Following the review of the medical record from each case, three patients were excluded from further analysis because the chest radiograph had shown only a localized infiltrate: one patient underwent open-lung biopsy in the context of a previously diagnosed pulmonary embolism with a persistent pulmonary infiltrate; one patient had undergone thoracotomy for a pneumothorax with persistent air leak, during which time a pulmonary nodule had been sampled; and a third patient had undergone a biopsy of a pulmonary nodule following a liver transplant. One additional patient with DAD and a history of dermatomyositis underwent open-lung biopsy for the abrupt worsening of chronic pulmonary infiltrates and was excluded from further analysis.

Among the remaining 16 cases with diffuse lung infiltrates and acute respiratory failure, eight patients had known causes for ARDS and were classified as non-AIP ARDS (ARDS group). Causes of ARDS in this group included the following: pneumonia and sepsis (n = 6), cocaine use (n = 1), and carmustine chemotherapy (n = 1). The eight remaining cases had organizing DAD plus no identifiable cause for lung injury, and were classified as AIP (AIP group). In the AIP group, all bacterial, fungal, and viral culture findings as well as serologies had been negative; each patient had failed to respond to antimicrobial therapy.

The medical records from the 16 cases above were analyzed for the following: demographics; time from symptom onset to hospital admission; Pao2/fraction of inspired oxygen (Fio2) ratio at presentation to the ICU; time from hospital admission to open-lung biopsy; steroid use and dose; sequential organ failure assessment (SOFA) score of organs other than the lungs9 ; hospital mortality; and hospital length of stay. The outpatient medical records from our hospital of survivors in the AIP group were retrospectively analyzed for the presence of dyspnea, limitation in activities of daily living, and pulmonary function data recorded during any follow-up visits.

Given the small sample sizes and the fact that most of the continuous data were skewed, we did not feel that the data were normally distributed. As such, we compared all continuous outcomes, such as mean time from onset of symptoms to hospital admission and mean time from hospital admission to open-lung biopsy, using the Mann-Whitney U test. To compare the mortality in the AIP group with the ARDS group, we used the Fisher exact test.

We also compared the mortality of our patients with AIP to the published literature. This comparison was done using the Fisher exact test to compare our mortality rate to the previously published rate. Information regarding 82 patients with AIP from previous reports tabulated by Voulekis et al8 was combined with information on 13 additional acutely hospitalized patients contained in that report to yield a total of 29 survivors among 95 patients (mortality rate of 69.5%). Information from a recently published series by Ichikado et al10 was not included in this analysis, as 7 of 31 patients contained in this series had been reported previously,11 and were included in the analysis by Vourlekis et al.8 In addition, the analysis by Ichikado et al10 did not specify which patients had been reported earlier. All analyses were done using SAS software (SAS Institute; Cary, NC). For every analysis, the α level was set at 0.05.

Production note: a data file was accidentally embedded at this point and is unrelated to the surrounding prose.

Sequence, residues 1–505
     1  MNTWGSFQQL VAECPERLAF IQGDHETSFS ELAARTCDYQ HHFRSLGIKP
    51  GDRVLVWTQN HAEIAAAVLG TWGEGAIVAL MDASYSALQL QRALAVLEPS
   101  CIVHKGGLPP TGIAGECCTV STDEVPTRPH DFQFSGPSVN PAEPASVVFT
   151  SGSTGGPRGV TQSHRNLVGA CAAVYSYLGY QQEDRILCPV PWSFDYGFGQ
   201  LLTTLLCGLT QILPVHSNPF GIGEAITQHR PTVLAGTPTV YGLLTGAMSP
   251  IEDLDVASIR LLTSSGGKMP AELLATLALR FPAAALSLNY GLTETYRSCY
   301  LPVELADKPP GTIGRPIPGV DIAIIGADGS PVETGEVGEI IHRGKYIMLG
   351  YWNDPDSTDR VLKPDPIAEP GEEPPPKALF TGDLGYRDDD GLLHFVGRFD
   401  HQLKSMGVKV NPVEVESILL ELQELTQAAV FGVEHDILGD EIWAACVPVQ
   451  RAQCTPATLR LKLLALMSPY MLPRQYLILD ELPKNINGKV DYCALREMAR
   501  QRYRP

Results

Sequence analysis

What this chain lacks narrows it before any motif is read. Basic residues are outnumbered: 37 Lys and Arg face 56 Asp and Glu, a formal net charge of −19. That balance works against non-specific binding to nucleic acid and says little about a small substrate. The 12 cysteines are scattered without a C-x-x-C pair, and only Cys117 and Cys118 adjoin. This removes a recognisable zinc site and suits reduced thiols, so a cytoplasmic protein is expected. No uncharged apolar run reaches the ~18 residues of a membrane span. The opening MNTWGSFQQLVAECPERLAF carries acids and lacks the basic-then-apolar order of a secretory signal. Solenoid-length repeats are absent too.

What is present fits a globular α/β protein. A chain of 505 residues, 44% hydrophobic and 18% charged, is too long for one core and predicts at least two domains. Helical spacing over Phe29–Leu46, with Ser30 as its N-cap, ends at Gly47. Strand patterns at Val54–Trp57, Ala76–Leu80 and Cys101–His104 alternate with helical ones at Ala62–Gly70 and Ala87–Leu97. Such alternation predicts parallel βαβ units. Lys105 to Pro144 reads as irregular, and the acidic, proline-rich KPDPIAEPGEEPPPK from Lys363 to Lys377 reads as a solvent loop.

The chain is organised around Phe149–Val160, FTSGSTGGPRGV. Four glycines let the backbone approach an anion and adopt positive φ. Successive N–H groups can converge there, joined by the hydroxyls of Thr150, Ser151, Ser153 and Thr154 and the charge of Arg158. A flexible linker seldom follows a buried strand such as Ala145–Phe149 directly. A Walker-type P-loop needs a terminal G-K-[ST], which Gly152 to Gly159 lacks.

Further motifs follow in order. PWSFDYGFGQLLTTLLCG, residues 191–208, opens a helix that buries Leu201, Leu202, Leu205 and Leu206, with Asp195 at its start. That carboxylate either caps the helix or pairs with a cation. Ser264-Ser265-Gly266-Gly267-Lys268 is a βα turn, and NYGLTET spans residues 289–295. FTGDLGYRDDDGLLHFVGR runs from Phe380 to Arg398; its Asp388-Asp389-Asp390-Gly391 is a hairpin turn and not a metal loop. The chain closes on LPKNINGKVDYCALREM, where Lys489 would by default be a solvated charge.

Representative open-lung biopsy specimens from a patient with AIP (patient 4) and ARDS (patient 8) are shown in Figure 1 . These specimens confirm the presence of organizing DAD and, as expected, are virtually identical to one another.2

Results are shown in Table 1 . There was no difference in sex or age between the two groups of patients. The mean age (± SD) in the AIP group was 48 ± 23 years (range, 20 to 78 years) and 43 ± 9.7 years (range, 29 to 57 years) in the ARDS group.

The mean time from onset of symptoms such as cough and dyspnea to hospital admission was significantly longer in the AIP group when compared with the ARDS group (16.8 ± 15.7 days vs 2.2 ± 1.0 days, p = 0.0015); however, the mean time from hospital admission to open-lung biopsy (biopsy time) was shorter in the AIP group than in the ARDS group (8.3 ± 3.0 days vs 15.5 ± 9.5 days, p = 0.02).

All patients in both groups required mechanical ventilation for respiratory failure prior to the performance of the open-lung biopsy, except for two patients, one in each group (patient 1 in the AIP group and patient 7 in the ARDS group). More patients in the AIP group received high-dose steroid treatment after open-lung biopsy (n = 8; mean methylprednisolone dose, 280 ± 143 mg/d) than in the ARDS group (n = 2; mean methylprednisolone dose, 180 ± 84 mg/d).

Organ failure other than respiratory was uncommon in the patients with AIP. Four of eight patients with AIP had an extrapulmonary SOFA score of 0 during their ICU stay. The remaining four patients all had a highest extrapulmonary SOFA score ≤ 4 during their ICU stay: one patient had a SOFA score of 1 (renal SOFA score of 1); one patient had SOFA score of 2 (renal SOFA score of 1, and hepatic SOFA score of 1); one patient had a SOFA score of 3 (renal SOFA score of 2, and hepatic SOFA score of 1); and one patient had a SOFA score of 4 (coagulation SOFA score of 4).